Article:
GP pay has now become so complex that it is impossible for an individual practice to tell how much its income will rise, or potentially fall, from the headline pay award.
This year, some practices will see gross core pay increase by as much as 12.5 per cent, while others' will rise just 0.7 per cent. Increases are dependent on the level of correction factor; the funding will be allocated via a mind-bogglingly complex formula and iterative process that aims to bring more practices off MPIG.
One would think that the level of detail involved in this would be in aid of ensuring everyone received a fair deal. But, complexity is no guarantee of fairness.
The Doctors' and Dentists' Review Body report said that this year's uplift should produce a 1.5 per cent rise in net income for practices. However, the allocation formula, which was decided separately by the contract negotiators, may mean few practices will see this exact figure.
We must also remember this only applies to GMS practices. The 40 per cent of practices that are PMS can enter into local negotiations only now the national award is known. The prospect of a 12.5 per cent hike in gross pay for them looks remote - NHS managers want to restrict any increase to the lowest for GMS practices, 0.7 per cent.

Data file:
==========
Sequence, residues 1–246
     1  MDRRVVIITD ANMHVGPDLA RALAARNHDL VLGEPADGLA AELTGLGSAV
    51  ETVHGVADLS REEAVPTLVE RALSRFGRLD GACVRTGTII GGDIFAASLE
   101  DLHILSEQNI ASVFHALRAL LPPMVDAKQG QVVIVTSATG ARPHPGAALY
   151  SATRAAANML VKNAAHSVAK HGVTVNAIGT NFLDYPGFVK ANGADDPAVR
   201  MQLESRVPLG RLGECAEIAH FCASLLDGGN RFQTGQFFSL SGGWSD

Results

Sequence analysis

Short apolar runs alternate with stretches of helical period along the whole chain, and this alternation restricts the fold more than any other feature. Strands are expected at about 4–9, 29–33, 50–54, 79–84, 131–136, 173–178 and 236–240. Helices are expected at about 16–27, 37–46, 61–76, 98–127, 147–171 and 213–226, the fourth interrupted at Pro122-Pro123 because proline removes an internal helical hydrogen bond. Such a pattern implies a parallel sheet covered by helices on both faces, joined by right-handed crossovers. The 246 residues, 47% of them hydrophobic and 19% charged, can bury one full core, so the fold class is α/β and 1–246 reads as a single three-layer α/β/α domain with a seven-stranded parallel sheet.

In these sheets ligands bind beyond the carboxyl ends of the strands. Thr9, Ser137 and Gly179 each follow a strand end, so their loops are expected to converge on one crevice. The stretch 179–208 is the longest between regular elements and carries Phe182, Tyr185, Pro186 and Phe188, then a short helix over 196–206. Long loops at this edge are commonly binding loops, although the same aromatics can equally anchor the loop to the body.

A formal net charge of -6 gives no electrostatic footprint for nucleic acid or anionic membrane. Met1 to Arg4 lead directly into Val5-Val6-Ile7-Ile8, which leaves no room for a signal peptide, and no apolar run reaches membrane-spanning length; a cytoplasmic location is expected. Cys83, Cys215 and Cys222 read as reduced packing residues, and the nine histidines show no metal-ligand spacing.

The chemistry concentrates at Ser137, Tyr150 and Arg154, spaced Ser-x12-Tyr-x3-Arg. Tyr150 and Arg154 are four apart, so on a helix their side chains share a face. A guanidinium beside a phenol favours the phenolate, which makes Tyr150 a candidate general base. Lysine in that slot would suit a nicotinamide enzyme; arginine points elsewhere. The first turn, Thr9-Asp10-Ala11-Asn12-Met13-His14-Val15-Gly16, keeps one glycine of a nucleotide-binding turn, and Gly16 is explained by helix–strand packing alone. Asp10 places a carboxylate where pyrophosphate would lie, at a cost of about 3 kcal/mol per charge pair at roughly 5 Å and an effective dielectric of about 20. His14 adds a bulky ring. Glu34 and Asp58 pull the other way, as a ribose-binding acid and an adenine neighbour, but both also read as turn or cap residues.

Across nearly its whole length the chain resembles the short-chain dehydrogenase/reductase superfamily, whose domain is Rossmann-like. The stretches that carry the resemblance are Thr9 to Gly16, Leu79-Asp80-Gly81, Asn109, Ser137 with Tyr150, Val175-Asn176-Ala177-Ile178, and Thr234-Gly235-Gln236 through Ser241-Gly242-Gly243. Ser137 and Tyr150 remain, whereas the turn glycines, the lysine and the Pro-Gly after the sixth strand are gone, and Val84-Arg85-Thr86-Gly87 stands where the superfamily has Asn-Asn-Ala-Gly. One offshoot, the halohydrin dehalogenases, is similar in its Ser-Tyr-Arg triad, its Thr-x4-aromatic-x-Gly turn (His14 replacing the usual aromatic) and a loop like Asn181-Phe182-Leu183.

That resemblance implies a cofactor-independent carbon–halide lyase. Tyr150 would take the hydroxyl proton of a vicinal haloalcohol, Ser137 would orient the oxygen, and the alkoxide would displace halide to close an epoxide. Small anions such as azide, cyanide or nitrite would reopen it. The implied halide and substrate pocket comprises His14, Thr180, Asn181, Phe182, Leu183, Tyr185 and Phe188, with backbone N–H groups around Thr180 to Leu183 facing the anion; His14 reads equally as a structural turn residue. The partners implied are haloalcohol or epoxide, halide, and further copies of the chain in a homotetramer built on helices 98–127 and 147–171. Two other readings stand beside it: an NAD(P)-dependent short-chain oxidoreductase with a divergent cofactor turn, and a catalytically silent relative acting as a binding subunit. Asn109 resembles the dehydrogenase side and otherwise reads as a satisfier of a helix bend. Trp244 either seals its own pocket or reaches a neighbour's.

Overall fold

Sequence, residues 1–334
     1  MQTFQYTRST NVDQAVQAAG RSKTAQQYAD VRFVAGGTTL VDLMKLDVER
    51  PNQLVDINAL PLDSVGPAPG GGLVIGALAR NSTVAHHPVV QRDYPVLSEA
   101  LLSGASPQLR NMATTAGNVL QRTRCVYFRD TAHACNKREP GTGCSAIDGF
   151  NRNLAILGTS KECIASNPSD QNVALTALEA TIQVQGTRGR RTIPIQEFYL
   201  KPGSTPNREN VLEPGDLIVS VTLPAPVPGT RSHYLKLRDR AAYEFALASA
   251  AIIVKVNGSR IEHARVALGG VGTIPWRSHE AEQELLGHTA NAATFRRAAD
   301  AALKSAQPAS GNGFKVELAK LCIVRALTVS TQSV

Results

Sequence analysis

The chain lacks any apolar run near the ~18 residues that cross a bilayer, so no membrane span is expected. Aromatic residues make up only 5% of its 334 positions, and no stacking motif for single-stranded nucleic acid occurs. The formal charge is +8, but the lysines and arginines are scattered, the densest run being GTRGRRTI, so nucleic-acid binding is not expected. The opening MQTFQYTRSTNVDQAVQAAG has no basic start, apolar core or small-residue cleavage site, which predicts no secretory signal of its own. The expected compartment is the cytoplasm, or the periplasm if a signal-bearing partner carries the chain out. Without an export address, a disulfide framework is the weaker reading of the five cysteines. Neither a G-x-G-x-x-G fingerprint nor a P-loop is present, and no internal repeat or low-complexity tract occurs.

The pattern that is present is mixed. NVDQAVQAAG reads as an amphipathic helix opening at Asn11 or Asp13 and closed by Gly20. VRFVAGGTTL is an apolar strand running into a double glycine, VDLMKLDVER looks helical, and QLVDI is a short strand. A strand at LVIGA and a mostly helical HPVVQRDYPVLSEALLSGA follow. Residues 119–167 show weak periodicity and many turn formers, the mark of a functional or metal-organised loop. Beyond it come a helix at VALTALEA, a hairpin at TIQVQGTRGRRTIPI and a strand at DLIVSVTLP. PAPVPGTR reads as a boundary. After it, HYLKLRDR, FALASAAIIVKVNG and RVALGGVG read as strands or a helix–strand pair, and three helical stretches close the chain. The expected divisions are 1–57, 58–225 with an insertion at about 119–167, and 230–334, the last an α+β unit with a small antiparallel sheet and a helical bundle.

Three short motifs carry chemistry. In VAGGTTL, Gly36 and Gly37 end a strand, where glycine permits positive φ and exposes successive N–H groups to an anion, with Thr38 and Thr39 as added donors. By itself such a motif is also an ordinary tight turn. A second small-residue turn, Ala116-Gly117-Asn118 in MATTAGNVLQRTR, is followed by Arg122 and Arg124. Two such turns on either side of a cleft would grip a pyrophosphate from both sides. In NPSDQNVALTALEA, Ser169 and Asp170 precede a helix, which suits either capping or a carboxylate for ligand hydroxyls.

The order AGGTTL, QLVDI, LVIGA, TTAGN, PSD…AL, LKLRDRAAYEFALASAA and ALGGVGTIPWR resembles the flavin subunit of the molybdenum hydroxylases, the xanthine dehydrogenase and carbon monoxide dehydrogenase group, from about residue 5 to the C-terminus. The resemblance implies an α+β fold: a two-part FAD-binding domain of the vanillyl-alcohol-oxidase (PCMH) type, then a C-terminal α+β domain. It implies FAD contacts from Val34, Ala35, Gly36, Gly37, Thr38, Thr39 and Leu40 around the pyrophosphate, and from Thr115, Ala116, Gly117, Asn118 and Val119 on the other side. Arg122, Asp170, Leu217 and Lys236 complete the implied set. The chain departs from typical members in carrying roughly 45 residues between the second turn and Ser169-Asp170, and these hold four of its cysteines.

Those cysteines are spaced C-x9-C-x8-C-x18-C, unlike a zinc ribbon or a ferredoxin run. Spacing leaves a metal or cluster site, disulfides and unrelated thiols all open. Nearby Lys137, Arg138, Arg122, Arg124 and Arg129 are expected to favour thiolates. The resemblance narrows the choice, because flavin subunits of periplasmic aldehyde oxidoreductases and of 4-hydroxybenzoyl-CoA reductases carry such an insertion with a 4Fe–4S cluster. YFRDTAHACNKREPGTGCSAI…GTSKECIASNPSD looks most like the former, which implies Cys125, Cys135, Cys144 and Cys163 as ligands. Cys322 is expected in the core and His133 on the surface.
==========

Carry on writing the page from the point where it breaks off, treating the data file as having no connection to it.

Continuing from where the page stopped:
Therefore, it could be that the majority of UK practices see rises well below 1.5 per cent.
It seems that the answer to any problem with GP pay has been to add another layer to the process. This explains why the system is now so complex, but surely this cannot be helping. Is it time to go back to basics?
The real problem, of course, is that the government did not put enough money into the global sum in the first place, leaving the vast majority of practices reliant on MPIG.
As a direct result, we now see huge variations in core pay increases that threaten to create a whole new set of inequities to replace those that the negotiators were so keen to wipe out.
Read more opinion from the GP editorial team in the editor's blog at www.healthcarerepublic.com/blogs.